Written By Lisa Breslin, Photos by: Walter Calahan

Carroll County’s Teacher of the Year, Laura Doolan, graduated magna cum laude with a degree in English from James Madison University in 1992, and received a masters in secondary English curriculum and instruction in 2003 from The University of Virginia. She is currently completing her administrative certification at McDaniel College.

In addition to teaching, Doolan’s activities at Westminster High School have included yearbook sponsor, class sponsor, graduation coordinator, AP cohort chair, chair of the school’s Multicultural Committee, and liaison for Education That Is Multicultural. She is also a member of the School Improvement Team and founded Stand Up! – a group that works to recognize and celebrate diversity and inclusion at the school.

Describe the moment you learned you were Teacher of the Year.
I was so shocked. I was convinced that it was not me, that it was actually going to be my colleague, Thom McHugh, whom I admire. In fact, I turned to congratulate him when they called my name. I was speechless. The day of the interview I had the flu. I could not imagine securing the coveted spot. Speechless shock gave way to being overwhelmed. My email inbox blew up as news traveled. Now I’m excited about the opportunity to represent other teachers. This is so humbling.

What are some of the perks of being Teacher of the Year?
Maryland does it right. TOYs (that’s what we are called) are treated really well. There are 24 of us and we were honored at a luncheon in May. There are activities throughout the summer – a cruise to St. Michaels in July, a leadership retreat at Smith Island, honors at an Orioles game and a Ravens game. This is so cool. At a Black Tie Gala on October 11, seven of us will be recognized as finalists and one will be named the state’s Teacher of the Year.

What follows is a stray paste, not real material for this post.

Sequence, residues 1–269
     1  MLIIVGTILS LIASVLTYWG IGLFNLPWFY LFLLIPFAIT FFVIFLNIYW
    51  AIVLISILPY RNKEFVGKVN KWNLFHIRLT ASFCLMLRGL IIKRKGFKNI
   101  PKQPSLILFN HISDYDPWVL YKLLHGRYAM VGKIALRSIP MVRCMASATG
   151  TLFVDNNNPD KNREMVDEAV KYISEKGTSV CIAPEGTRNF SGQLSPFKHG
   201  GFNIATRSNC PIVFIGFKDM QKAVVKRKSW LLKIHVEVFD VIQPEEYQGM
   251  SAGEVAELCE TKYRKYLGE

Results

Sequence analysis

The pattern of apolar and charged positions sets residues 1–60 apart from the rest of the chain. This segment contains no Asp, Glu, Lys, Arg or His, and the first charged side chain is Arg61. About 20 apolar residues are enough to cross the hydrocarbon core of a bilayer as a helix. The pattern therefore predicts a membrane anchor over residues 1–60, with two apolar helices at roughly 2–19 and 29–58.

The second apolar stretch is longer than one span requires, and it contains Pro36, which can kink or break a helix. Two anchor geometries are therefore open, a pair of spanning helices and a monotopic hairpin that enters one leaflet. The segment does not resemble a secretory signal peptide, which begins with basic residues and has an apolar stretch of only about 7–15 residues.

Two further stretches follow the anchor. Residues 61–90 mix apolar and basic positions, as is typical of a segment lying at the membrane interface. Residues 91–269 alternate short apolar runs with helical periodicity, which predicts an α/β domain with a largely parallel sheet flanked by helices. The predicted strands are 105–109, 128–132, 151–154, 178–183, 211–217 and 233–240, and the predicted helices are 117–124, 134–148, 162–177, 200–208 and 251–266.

What is your advice to teachers who strive to be honored as Teacher of the Year?
I would encourage new teachers to find themselves in the classroom. Teaching is overwhelming when you are new; it can be overwhelming even when you teach for 21 years. You have to know who you are in the classroom. For seasoned teachers, I’d say invest in the school, in the students’ environment outside the classroom. Teach beyond the classroom, the assignment. Help change the climate in the building. Constantly ask, “How can I make a difference, an impact?”

What is your advice to students?
Own it. Your education is your future. Explore. Want to be better, smarter, more skilled, rather than embracing complacency. Really want to be intellectually better and take advantage of the education that unfolds all day. It’s free. It’s thrilling

What is your advice to parents of high school students?
Empower your children to be independent and advocate for themselves. Your children need to be academically and emotionally independent.

What is your advice to your colleagues?
Find a way to always love teaching, no matter how difficult it gets. Find something you like in every student and let him or her know what it is. Respect is not automatic; even as adults, we have to earn it. To earn respect, develop relationships with students or your classrooms won’t open up successfully.